We are alarmed that certain offences in the Act include mandatory and forced HIV testing of defendants and treat HIV status as an aggravating factor when a person is accused of specific sexual offences.
Such provisions violate Uganda’s human rights obligations and risk undermining public health, leaving people afraid to come forward for essential testing and treatment, and so affecting critical HIV prevention and treatment efforts. They also risk further fuelling the spread of HIV in Uganda and sub-Saharan Africa.
We are also deeply concerned that the Act prescribes the death penalty for certain offences, including what is termed “aggravated rape”. The application of the death penalty to crimes, including sexual offences that do not involve intentional killing, is a violation of the right to life and of Uganda’s treaty obligations.
The definitions of rape and consent in the Act are also deeply troubling. An important clause that recognised a person can withdraw consent before or during sex was deleted after Members of Parliament failed to reach agreement. The Act also criminalises people for procuring sex, which can drive sex workers underground and significantly increase risks they face.
We urge Uganda to amend provisions that do not conform to international human rights norms and standards, to decriminalize consensual same-sex relations in all legislation and to combat violence, discrimination and stigma against people living with HIV/AIDS, sex workers and against lesbian, gay, bisexual and transgender people.
We further call for a legal framework that can support victim-centred approaches in the investigations and prosecution of sexual violence, including rape, in compliance with international law and standards.3) Brazil
We are deeply disturbed by the killing of at least 25 people in a police operation in the Jacarezinho neighbourhood of Rio de Janeiro yesterday (6 May).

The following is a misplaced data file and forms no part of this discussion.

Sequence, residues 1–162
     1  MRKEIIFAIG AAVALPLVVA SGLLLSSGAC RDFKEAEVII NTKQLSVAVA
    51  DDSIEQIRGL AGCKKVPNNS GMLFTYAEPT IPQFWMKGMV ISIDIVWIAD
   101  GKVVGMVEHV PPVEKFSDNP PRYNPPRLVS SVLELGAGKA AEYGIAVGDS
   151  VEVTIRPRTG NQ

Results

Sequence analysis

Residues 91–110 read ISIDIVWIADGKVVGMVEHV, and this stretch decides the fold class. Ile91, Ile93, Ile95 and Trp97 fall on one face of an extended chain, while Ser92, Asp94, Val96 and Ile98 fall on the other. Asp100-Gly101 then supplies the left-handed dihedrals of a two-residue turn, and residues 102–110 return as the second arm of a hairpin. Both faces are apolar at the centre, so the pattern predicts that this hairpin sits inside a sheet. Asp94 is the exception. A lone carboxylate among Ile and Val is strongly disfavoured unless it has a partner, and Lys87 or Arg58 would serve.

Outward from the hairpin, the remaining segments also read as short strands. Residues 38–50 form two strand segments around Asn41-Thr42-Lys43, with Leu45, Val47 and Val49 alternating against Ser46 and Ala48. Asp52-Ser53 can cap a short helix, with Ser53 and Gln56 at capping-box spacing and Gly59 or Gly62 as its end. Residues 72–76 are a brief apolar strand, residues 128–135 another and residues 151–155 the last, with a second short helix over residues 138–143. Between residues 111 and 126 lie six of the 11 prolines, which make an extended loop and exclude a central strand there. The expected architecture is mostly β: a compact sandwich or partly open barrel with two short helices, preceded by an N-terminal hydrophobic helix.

The incident started in the early hours of Thursday when, reportedly, police officers on the ground and in a helicopter overhead opened fire into the neighbourhood – in an operation allegedly aimed at members of a criminal organization. At least 25 people, including one police officer, were reported killed during the operation. The precise number of people injured, including bystanders and people inside their houses, is still unknown.
This appears to have been the deadliest such operation in more than a decade in Rio de Janeiro, and furthers a long-standing trend of unnecessary and disproportionate use of force by police in Brazil’s poor, marginalized and predominantly Afro-Brazilian neighbourhoods, known as favelas.
It is particularly disturbing that the operation took place despite a Federal Supreme Court ruling in 2020, restricting police operations in Rio’s favelas during the COVID-19 pandemic.
We remind the Brazilian authorities that the use of force should be applied only when strictly necessary, and that they should always respect the principles of legality, precaution, necessity and proportionality. Lethal force should be used as a last resort and only in cases where there is an imminent threat to life or of serious injury.
We have received worrying reports that after the events, the police did not take steps to preserve evidence at the crime scene, which could hinder investigations into this lethal operation.
We call upon the Office of the Prosecutor to conduct an independent, thorough and impartial investigation into this incident in accordance with international standards – particularly in line with the Minnesota Protocol on the Investigation of Potentially Unlawful Death. This lays down that authorities must ensure the safety and security of witnesses and protect them from intimidation and retaliation.
We also urge a broad and inclusive discussion in Brazil about the current model of policing in favelas – which are trapped in a vicious cycle of lethal violence, with a dramatically adverse impact on their already struggling and marginalized populations.